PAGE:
Way past midnight on a moonless highway half way through Saskatchewan, headed back from a funeral, and the radio is playing a ballad by Journey or Air Supply. Probably the reason why some genius invented push buttons for car radios.
Further down the dial a solemn CBC host interviews a man who has written a book about the Franklin Expedition, and later on there’s a woman who claims to have been abducted by aliens. Janice is asleep in the passenger seat, her head resting against the window, One Hundred Years of Solitude slipping from her fingers. I turn the radio off and listen to sound of the wheels on the road.
Sometimes I wonder how much of my life has been spent on road trips like this, measured out in Tim Horton’s double-doubles, deep in the night on deserted highways. I remember pretending to be asleep on the back window ledge of Dad’s Monte Carlo on the way home from the cottage, watching the trees and street lamps recede into the distance, waiting for him to pick me up and carry me inside the house. Or sitting in the front seat, imagining that the car is a boat carrying us down a long, winding river.
Years later, eighteen hour days driving with friends down twisting coastal roads, a pack of cigarettes up on the dash, laughing and heading to Montreal or San Francisco. Watching the gas gauge and wondering how many miles five dollars will equal. Pitching tents at the end of abandoned logging roads. Immortal.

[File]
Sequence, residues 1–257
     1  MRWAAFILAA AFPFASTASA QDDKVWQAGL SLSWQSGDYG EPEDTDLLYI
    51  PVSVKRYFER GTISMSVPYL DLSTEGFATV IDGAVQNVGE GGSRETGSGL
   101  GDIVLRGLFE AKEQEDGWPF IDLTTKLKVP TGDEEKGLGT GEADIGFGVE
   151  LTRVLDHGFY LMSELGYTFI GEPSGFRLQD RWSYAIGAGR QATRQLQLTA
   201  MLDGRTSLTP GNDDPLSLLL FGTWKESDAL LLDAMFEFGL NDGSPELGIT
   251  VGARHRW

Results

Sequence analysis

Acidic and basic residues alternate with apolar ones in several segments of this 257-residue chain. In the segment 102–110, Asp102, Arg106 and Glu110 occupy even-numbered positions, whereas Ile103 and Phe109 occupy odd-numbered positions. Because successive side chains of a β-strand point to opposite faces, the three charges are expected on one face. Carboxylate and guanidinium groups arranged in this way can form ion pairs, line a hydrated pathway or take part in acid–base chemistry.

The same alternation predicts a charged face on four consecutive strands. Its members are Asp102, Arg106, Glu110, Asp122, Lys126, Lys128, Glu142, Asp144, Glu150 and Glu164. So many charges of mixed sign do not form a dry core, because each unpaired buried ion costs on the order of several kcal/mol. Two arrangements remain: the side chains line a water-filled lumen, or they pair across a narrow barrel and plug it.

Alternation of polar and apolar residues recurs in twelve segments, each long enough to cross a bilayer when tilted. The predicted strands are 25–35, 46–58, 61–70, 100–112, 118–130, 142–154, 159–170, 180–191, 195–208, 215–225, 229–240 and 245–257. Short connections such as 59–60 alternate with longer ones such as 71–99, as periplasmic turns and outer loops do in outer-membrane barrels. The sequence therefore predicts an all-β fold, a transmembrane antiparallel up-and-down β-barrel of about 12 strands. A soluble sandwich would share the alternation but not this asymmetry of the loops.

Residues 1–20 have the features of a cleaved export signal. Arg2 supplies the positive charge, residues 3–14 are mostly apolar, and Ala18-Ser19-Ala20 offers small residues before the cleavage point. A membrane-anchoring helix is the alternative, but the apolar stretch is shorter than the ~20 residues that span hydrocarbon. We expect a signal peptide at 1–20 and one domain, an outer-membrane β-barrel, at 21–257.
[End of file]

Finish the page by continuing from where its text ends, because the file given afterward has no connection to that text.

In between towns the thermos full of coffee arrives at my bladder, and I pull the car to the side of the road. It’s late August and the bailing is finished. The deserted fields look eerie and beautiful in the headlights, the great round bails like immense sleeping beasts. Grasshoppers and locusts and moths the size of tea cups dance about me.
I want to wake Janice up and get her to walk out into the field with me. I want us to lie on our backs and look up at all swirling constellations. I want us both to see them with the sense of wonder that I had when I was a kid, no older than our daughter is now, and my father had just explained to me that some of those ghostly lights up there are great burning worlds of gas, and others are mostly ice, and some of them aren’t even there anymore — gone maybe thousands of years before their light ever reaches us. Terrible and beautiful. I want to tell her how good it feels to have someone with me on this trip, because these places in the middle of nowhere can sometimes be so quiet. I close the car door softly so as not to wake her, and ease back onto the road.